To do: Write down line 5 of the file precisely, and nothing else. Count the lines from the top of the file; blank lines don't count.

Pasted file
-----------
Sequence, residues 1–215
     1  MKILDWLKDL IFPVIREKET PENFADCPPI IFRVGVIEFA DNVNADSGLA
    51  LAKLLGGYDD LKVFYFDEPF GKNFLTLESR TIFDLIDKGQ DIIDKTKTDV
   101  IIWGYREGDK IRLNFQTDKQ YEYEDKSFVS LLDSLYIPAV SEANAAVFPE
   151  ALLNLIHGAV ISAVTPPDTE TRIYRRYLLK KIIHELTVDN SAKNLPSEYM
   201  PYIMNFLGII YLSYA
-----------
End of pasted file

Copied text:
   151  ALLNLIHGAV ISAVTPPDTE TRIYRRYLLK KIIHELTVDN SAKNLPSEYM